Dombey and Son

Page 26

And then the younger, rising in the boat, cried out, "Dear Edward, think of your promised wife at home. I'm only a boy. No one waits at home for me. Leap down into my place!" and flung himself in the sea!'

The kindling eye and heightened colour of the boy, who had risen from his seat in the earnestness of what he said and felt, seemed to remind old Sol of something he had forgotten, or that his encircling mist had hitherto shut out. Instead of proceeding with any more anecdotes, as he had evidently intended but a moment before, he gave a short dry cough, and said, 'Well! suppose we change the subject.'

The truth was, that the simple-minded Uncle in his secret attraction towards the marvellous and adventurous - of which he was, in some sort, a distant relation, by his trade - had greatly encouraged the same attraction in the nephew; and that everything that had ever been put before the boy to deter him from a life of adventure, had had the usual unaccountable effect of sharpening his taste for it. This is invariable. It would seem as if there never was a book written, or a story told, expressly with the object of keeping boys on shore, which did not lure and charm them to the ocean, as a matter of course.

But an addition to the little party now made its appearance, in the shape of a gentleman in a wide suit of blue, with a hook instead of a hand attached to his right wrist; very bushy black eyebrows; and a thick stick in his left hand, covered all over (like his nose) with knobs. He wore a loose black silk handkerchief round his neck, and such a very large coarse shirt collar, that it looked like a small sail. He was evidently the person for whom the spare wine-glass was intended, and evidently knew it; for having taken off his rough outer coat, and hung up, on a particular peg behind the door, such a hard glazed hat as a sympathetic person's head might ache at the sight of, and which left a red rim round his own forehead as if he had been wearing a tight basin, he brought a chair to where the clean glass was, and sat himself down behind it. He was usually addressed as Captain, this visitor; and had been a pilot, or a skipper, or a privateersman, or all three perhaps; and was a very salt-looking man indeed.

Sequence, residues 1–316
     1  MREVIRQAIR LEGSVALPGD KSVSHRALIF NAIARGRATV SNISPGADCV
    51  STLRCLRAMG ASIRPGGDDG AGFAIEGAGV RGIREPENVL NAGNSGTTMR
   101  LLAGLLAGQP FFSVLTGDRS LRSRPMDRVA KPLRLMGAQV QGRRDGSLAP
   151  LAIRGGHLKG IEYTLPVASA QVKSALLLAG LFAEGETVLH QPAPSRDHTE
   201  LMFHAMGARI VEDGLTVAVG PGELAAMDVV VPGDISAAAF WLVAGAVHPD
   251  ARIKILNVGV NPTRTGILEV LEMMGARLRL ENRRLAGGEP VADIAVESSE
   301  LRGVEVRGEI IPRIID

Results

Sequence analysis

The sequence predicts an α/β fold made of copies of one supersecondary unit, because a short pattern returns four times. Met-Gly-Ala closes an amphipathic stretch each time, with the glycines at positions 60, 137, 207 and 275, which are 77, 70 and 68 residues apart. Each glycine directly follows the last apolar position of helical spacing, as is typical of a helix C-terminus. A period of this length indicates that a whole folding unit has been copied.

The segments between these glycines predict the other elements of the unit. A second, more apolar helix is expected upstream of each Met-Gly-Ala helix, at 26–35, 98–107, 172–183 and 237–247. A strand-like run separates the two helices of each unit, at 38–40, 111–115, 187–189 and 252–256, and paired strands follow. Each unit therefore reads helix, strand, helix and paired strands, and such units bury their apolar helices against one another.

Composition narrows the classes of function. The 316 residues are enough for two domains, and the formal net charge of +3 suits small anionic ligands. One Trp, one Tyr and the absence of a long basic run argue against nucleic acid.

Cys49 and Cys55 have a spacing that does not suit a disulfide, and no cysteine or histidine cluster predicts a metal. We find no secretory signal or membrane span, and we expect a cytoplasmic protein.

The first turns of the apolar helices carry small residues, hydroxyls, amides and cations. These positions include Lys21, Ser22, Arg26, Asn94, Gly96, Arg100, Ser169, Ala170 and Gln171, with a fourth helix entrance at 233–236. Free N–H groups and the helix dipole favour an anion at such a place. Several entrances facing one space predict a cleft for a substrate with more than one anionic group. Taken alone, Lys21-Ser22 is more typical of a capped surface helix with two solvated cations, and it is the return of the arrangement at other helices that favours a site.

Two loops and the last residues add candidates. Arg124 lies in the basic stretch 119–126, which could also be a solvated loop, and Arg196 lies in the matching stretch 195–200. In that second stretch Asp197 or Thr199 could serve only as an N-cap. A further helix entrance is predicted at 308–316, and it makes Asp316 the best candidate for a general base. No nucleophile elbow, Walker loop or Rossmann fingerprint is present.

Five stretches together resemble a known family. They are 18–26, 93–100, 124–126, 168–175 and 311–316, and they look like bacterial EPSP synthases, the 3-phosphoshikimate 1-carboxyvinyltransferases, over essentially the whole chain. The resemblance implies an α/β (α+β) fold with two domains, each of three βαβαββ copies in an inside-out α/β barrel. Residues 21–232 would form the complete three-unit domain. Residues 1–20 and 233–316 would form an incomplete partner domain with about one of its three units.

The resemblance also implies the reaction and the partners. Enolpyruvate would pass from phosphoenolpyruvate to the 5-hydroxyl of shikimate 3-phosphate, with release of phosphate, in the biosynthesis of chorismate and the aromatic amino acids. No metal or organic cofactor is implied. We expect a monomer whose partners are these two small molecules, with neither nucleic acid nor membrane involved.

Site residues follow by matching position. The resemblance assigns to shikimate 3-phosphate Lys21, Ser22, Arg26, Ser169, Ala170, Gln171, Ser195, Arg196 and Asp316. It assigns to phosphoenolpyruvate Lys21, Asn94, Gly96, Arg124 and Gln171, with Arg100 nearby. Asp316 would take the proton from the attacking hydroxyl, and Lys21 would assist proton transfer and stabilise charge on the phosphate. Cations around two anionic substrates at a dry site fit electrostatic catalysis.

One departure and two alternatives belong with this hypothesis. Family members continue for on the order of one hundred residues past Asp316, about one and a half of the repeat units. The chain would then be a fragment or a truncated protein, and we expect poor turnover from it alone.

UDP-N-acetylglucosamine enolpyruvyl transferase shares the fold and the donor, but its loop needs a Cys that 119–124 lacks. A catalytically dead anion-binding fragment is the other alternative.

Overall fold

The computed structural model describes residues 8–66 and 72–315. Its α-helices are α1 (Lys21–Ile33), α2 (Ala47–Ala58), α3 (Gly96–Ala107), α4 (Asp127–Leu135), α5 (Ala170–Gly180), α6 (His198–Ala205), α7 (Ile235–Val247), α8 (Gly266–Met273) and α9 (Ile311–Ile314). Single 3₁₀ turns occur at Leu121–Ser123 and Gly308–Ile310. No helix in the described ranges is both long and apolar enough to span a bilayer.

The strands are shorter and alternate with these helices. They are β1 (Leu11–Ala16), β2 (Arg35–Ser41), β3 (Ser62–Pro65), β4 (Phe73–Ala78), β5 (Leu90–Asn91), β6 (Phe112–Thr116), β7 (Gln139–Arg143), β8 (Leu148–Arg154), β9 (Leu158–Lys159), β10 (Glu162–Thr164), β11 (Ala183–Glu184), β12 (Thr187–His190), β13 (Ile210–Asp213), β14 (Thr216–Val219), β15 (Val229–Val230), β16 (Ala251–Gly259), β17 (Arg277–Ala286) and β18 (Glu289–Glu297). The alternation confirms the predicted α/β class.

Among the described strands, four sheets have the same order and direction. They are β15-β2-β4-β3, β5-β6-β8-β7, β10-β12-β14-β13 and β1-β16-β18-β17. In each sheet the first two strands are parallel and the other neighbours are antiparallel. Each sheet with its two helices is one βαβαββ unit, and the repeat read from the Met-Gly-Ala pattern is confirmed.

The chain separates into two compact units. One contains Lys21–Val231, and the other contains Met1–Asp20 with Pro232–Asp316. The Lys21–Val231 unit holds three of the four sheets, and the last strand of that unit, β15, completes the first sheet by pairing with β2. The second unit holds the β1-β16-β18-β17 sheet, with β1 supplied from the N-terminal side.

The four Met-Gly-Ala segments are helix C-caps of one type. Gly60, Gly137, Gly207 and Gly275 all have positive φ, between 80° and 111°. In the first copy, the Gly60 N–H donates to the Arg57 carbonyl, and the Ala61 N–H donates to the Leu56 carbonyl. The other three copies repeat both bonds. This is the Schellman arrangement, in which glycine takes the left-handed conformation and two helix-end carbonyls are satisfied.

His face, remarkable for a brown solidity, brightened as he shook hands with Uncle and nephew; but he seemed to be of a laconic disposition, and merely said:

'How goes it?'

'All well,' said Mr Gills, pushing the bottle towards him.

He took it up, and having surveyed and smelt it, said with extraordinary expression:

'The?'

'The,' returned the Instrument-maker.

Upon that he whistled as he filled his glass, and seemed to think they were making holiday indeed.

'Wal'r!' he said, arranging his hair (which was thin) with his hook, and then pointing it at the Instrument-maker, 'Look at him! Love! Honour! And Obey! Overhaul your catechism till you find that passage, and when found turn the leaf down. Success, my boy!'

He was so perfectly satisfied both with his quotation and his reference to it, that he could not help repeating the words again in a low voice, and saying he had forgotten 'em these forty year.

'But I never wanted two or three words in my life that I didn't know where to lay my hand upon 'em, Gills,' he observed. 'It comes of not wasting language as some do.'

The reflection perhaps reminded him that he had better, like young Norval's father, '"ncrease his store." At any rate he became silent, and remained so, until old Sol went out into the shop to light it up, when he turned to Walter, and said, without any introductory remark:

'I suppose he could make a clock if he tried?'

'I shouldn't wonder, Captain Cuttle,' returned the boy.

'And it would go!' said Captain Cuttle, making a species of serpent in the air with his hook. 'Lord, how that clock would go!'

For a moment or two he seemed quite lost in contemplating the pace of this ideal timepiece, and sat looking at the boy as if his face were the dial.

'But he's chockful of science,' he observed, waving his hook towards the stock-in-trade.

Charles Dickens
Classic Literature Library
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